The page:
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Groundwater contribution to baseflow maintains habitat connectivity for Tandanus bostocki (Teleostei: Plotosidae) in a south-western Australian river

Beatty, S.J., Morgan, D.L., McAleer, F.J. and Ramsay, A.R. (2010) Groundwater contribution to baseflow maintains habitat connectivity for Tandanus bostocki (Teleostei: Plotosidae) in a south-western Australian river. Ecology of Freshwater Fish, 19 (4). pp. 595-608.

Link to Published Version: http://dx.doi.org/10.1111/j.1600-0633.2010.00440.x
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Abstract

A global biodiversity hotspot, south-western Australia is characterised by a highly endemic freshwater fish fauna that is severely impacted by habitat alterations. As is the case with many rivers in this region, the Blackwood River is secondarily salinised as a consequence of agricultural practices and this has caused population depletions of halo-intolerant fishes. This study is the first to examine the role that groundwater intrusion has in maintaining habitat connectivity for an obligate freshwater fish in a secondarily salinised river. We determined the significance of nonsaline groundwater intrusion in maintaining habitat and migratory routes of the freshwater cobbler, Tandanus bostocki during prolonged annual dry periods; characteristic of Mediterranean climatic zones. Tandanus bostocki undertook large, yet spatially and temporally variable, localised movements through riffles. During baseflow, the period of major groundwater influence, movements were significantly associated with discharge. Analysis of gonadal development suggested that such movements were not strictly related to reproduction and were probably for foraging purposes. The study reveals groundwater is crucial in maintaining migratory routes through riffles and suggests T. bostocki may be reliably used as an indicator of aquatic habitat connectivity in light of groundwater extractions and also continued rainfall reductions in this region due to climate change.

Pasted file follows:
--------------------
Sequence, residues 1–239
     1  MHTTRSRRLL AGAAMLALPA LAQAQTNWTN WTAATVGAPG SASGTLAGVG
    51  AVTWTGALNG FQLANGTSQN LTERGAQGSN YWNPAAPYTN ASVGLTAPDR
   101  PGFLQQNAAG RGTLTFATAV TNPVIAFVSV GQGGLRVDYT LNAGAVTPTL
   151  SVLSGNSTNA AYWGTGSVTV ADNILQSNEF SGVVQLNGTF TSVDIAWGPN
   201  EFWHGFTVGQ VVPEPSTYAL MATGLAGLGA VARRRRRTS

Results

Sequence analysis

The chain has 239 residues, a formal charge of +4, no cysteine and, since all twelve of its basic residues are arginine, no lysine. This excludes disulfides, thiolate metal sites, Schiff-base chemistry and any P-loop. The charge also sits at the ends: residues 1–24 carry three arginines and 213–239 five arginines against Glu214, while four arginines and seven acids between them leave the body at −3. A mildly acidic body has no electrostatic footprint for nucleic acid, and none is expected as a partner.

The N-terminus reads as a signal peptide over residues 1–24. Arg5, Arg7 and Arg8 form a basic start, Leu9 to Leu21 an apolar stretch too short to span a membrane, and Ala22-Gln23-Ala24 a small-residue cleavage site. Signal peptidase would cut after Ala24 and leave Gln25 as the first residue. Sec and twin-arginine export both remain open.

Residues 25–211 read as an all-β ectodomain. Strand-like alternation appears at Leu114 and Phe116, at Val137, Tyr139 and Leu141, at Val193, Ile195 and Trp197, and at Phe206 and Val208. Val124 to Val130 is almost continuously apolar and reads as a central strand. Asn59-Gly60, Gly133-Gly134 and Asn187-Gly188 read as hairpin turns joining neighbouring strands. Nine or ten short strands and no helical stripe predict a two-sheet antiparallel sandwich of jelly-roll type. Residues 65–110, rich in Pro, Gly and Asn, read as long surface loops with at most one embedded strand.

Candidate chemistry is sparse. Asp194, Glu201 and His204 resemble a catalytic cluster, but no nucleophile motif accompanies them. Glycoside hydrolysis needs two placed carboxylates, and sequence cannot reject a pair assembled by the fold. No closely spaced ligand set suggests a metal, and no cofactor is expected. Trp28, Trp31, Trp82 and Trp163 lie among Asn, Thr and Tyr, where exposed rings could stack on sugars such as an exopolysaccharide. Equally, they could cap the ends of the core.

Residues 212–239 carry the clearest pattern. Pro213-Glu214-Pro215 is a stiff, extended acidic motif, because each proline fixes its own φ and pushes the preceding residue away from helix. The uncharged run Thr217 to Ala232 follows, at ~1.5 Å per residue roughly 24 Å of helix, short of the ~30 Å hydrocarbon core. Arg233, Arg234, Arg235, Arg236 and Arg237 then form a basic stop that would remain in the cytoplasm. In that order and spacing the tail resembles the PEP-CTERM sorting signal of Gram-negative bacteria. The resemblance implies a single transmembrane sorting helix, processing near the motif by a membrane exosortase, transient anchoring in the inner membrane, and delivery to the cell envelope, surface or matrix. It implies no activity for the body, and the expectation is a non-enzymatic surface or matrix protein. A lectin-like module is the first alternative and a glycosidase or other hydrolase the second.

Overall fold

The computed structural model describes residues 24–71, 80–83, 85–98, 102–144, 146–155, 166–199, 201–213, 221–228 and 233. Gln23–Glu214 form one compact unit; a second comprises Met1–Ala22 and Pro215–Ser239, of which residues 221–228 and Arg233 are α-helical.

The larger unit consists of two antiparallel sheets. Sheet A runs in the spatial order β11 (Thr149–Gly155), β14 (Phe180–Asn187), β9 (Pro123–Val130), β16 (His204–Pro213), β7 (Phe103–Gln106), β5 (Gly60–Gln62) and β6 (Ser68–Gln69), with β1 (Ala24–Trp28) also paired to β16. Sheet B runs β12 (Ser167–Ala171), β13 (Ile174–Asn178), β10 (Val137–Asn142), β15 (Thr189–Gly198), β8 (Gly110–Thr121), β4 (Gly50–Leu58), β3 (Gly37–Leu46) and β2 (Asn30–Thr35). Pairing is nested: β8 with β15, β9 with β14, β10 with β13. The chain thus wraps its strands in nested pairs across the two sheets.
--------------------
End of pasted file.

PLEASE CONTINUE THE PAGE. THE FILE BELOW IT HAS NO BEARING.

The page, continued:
Publication Type: Journal Article
Murdoch Affiliation: Centre for Fish and Fisheries Research
Publisher: Blackwell Publishing Inc.
Copyright: © 2010 John Wiley & Sons A/S
URI: http://researchrepository.murdoch.edu.au/id/eprint/3388
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